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Originally posted by Byrd
As far as I know, security clearances aren't reinstated particularly after so long a period. You have to be re-certified through your current employer.

As an example, my dad once held a very high military intelligence clearance. He's retired and what he had/was simply doesn't count now.


ok thanks for clearing that up a bit, thing is, is that I notice some governemnt jobs online and saw that some required high security clearances and I was just wondering that since I held a high clearance before, I was wondering if it would be a factor to make it know to an employer and id it may be easier to secure a job knowing that I once held this clearance?



posted on Oct, 16 2005 @ 05:39 PM
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I didnt even realize what I had at the time. I was in White Sands Missle Range in New Mexico. I think i would have been a lot more stoked about being there if I believed in aliens back then. Now it makes me wonder what my EOD guys were doing out in the field at odd hours. Me and the Supply Sergeant got to hang behind at the shop eating Twinkies and playing Ping Pong, lol.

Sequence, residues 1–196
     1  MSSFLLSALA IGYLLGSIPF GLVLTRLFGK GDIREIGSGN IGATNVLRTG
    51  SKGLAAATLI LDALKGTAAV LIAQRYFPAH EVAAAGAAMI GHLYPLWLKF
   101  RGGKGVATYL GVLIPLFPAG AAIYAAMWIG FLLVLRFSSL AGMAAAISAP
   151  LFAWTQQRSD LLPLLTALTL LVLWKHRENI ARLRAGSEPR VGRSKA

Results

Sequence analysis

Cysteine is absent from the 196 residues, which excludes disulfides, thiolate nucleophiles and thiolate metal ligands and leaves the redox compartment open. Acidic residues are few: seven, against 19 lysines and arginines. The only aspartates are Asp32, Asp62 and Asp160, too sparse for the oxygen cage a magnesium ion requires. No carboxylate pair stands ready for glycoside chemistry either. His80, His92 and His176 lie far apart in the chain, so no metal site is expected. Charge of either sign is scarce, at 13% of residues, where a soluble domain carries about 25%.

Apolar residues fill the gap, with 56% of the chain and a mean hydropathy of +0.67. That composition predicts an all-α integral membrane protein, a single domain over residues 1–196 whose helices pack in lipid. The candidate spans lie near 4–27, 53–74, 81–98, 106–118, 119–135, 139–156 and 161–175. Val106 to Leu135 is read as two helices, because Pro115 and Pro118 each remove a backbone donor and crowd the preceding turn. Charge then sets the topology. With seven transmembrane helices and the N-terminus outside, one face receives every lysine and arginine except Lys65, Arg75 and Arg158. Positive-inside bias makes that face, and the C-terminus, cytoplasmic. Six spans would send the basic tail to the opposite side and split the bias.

posted on Oct, 16 2005 @ 05:43 PM
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Yes, the fact that you had clearance would still be on file.

Wether or not it's still active only you and your superiors would know.

As a heads up, if it's still active and you are out of the military, I hear Mitre Corp has very high job satisfaction ratings and clearances are required to work there,in many positions, even though it's "private sector".

They still might consider ya even if it expired as long as it wasn't "revoked".

Mitre would probably help you re-instate as long as you were still eligable and needed it for a qualified position.


Originally posted by wangho
I was just wondering that since I held a high clearance before, I was wondering if it would be a factor to make it know to an employer and id it may be easier to secure a job knowing that I once held this clearance?


Yes, it can make a difference in your favor but as with any job it depends on who and what you're applying for.